It occurred to me this afternoon, standing near a moderately
sized pile of hardwood logs that represent next winter’s firewood,
having just culled the third coyote of the year for showing an inordinate
amount of interest in our livestock, and surrounded by five wonderful
dogs, that life is pretty good. This despite the fact that my truck
was full of scrap wood of little value salvaged by my bride for some
yet undefined construction project. This despite the fact that the lawn
is covered with fallen leaves all brown and curled so it is nearly impossible
to distinguish them from the landmines left by the dogs. This despite
the fact that our most recent crop of broiler chickens needs to be butchered
soon an it will most likely happen on an evening after a horribly busy
day at work since the birds will not be considerate enough to run out
of food on the weekend…and we’re too darned cheap to buy
another bag of feed. This despite the fact that four of our dogs were
rolling in tidy piles of sheep shit and the fifth was cheerfully eating
Life is good.
Finnigan, the best man at our wedding, and his steady throb JoAnn (the
woman formerly known as The Delicate One) showed up this year just in
time for what they thought was foliage season. And while the foliage
did in fact peak during their visit, they actually arrived just in time
to help with the pre-winter chores. I was reminded of stories about
dude ranches where folks pay big bucks to do somebody else’s chores,
and enjoy it! I tried to talk them into staying longer, there were still
lines on the To Do List, but they mumbled something about their regular
jobs and left after less than a week. Bummer!
Finnigan, being somewhat younger than us, does not yet require reading
glasses. So while directions come into focus at three feet for me, the
fine print is a bit difficult to read at that distance. So when it came
time to assemble our latest portable garage, we gave him the instructions.
He glanced at them, grunted, and proceeded to direct the assembly of
About fifteen minutes later, when it was obvious parts were going together
in a way that didn’t remotely resemble the picture on the carton,
JoAnn took the directions away from him. JoAnn is a research librarian.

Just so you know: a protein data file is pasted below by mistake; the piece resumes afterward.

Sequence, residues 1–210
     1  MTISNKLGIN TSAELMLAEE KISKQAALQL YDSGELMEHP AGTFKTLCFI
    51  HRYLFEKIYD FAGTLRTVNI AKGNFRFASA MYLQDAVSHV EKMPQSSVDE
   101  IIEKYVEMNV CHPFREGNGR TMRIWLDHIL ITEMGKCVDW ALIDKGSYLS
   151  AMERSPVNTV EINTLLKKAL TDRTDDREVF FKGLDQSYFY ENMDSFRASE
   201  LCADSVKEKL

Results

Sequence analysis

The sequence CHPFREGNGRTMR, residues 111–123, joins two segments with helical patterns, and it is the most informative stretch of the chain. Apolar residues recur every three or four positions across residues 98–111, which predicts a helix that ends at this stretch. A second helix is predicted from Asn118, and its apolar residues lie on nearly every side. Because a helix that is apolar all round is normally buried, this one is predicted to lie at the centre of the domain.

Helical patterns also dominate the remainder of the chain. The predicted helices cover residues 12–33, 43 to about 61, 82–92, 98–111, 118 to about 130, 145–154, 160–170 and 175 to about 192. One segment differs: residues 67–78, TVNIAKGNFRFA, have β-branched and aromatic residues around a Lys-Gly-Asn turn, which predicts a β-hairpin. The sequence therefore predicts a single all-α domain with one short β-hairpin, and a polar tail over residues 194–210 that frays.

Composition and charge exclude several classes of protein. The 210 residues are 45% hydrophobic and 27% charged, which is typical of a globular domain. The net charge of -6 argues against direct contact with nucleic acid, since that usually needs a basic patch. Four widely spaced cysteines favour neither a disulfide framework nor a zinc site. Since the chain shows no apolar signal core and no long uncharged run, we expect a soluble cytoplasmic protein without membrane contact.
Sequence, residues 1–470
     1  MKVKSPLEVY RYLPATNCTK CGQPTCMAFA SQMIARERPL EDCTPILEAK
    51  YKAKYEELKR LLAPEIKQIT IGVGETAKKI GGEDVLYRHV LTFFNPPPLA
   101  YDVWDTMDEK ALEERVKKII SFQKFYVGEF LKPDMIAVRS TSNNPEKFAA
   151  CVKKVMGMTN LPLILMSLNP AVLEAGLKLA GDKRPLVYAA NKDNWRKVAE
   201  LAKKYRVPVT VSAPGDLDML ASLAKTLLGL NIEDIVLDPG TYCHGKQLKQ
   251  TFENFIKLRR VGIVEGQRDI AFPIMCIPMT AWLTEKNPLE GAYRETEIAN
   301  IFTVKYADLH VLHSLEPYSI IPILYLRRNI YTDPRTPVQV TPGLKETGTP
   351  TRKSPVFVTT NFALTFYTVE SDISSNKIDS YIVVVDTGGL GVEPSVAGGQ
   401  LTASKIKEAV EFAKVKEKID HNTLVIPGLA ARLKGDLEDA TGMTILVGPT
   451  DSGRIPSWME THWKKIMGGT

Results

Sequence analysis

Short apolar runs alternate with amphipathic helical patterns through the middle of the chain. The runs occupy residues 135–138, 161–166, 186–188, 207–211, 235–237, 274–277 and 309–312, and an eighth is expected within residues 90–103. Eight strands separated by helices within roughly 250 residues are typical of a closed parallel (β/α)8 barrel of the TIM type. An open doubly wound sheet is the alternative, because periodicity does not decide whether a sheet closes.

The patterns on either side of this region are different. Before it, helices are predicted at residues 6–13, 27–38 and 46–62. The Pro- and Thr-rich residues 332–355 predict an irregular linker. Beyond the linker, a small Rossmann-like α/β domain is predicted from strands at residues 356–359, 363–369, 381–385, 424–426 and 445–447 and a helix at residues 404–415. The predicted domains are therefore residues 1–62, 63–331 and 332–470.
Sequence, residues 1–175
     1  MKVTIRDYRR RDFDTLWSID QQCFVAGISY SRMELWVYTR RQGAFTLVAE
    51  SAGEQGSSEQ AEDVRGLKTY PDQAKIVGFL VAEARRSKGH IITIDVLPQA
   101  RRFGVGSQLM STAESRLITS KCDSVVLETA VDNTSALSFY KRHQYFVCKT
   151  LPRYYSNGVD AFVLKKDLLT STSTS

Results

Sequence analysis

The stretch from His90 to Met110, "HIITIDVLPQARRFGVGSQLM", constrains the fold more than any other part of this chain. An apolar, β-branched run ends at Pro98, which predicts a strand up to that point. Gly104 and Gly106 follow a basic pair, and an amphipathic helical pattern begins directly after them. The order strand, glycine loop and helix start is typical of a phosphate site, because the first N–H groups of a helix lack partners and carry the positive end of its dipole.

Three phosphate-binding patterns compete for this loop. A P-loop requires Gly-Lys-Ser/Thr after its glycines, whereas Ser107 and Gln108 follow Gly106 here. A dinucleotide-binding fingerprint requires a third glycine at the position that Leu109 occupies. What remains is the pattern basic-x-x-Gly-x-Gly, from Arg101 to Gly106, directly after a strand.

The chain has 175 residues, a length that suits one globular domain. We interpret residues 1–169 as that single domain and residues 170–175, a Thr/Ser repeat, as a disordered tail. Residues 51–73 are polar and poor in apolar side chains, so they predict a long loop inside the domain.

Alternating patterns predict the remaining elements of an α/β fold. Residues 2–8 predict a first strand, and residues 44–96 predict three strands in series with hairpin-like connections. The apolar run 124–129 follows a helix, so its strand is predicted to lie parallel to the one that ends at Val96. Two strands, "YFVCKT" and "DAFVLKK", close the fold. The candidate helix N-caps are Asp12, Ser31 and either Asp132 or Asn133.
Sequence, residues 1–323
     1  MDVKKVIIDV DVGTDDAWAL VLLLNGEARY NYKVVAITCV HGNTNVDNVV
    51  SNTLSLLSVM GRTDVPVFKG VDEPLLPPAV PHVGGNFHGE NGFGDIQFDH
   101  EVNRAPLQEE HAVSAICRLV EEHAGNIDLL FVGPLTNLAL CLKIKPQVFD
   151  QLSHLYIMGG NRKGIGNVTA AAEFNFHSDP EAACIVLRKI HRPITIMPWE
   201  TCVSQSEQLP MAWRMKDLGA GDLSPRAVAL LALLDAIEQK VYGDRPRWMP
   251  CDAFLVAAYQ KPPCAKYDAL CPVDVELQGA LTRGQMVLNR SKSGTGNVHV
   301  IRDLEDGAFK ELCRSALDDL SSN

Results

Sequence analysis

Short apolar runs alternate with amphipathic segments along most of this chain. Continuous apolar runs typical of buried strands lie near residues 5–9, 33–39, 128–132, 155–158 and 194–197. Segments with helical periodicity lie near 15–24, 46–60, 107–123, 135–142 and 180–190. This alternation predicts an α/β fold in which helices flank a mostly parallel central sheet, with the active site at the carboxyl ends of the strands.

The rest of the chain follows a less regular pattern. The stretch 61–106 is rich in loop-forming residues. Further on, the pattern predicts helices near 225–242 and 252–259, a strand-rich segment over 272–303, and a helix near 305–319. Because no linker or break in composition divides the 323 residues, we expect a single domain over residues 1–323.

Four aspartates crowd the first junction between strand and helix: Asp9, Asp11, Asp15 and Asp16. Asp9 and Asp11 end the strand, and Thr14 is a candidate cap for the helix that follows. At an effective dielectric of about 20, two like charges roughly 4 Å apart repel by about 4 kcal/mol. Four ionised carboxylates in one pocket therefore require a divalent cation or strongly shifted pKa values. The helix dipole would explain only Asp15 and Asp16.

Like others of her kind, she Believes that if something was important
enough to put in writing, it is important enough to read. So she read
the directions with her keen eye, noting that the parts in the instructions
had letters that corresponded to letters on the actual parts. Very cool!
JoAnn is no longer as delicate as she once was. After years of being
dragged around on primitive vacations (think Gunga Din) during which
she sometimes remained damp so long she began molding, she appears to
have toughened up. That, and her willingness to read instructions, have
given Tamara and me reason to believe that labor costs for future projects
might not be as hefty as once thought. Perhaps for their next visit
we should plan a barn raising!
We sold one of the ’57 Dodge trucks this summer after realizing
we had differing views of the old truck hobby thing. When my bride first
made the comment, “Oh, this is something we could do together!”
I mistakenly envisioned us restoring the old beast together. Hard, greasy
work is almost enjoyable if you do it with someone you love! But Tamara’s
idea of this new hobby of ours consisted of me spending all my non-existent
time in the garage covered with rust and grease…with her driving
around town looking cool when the work was all done. So the rusty red
truck is gone, and the rusty green truck is still in the garage getting
tinkered on as time allows. Last weekend my friend, Bill, and I combined
two Stromberg carburetors into one working version, so we now have a
choke that does not involve popping the hood and leaning over the engine.
Oh, and we also have an accelerator pump, so something actually happens
when you step on the gas! Very exciting!
Since getting that truck a year ago I’ve been regularly checking
the garage floor for leaks. There were none. Absolutely none! I was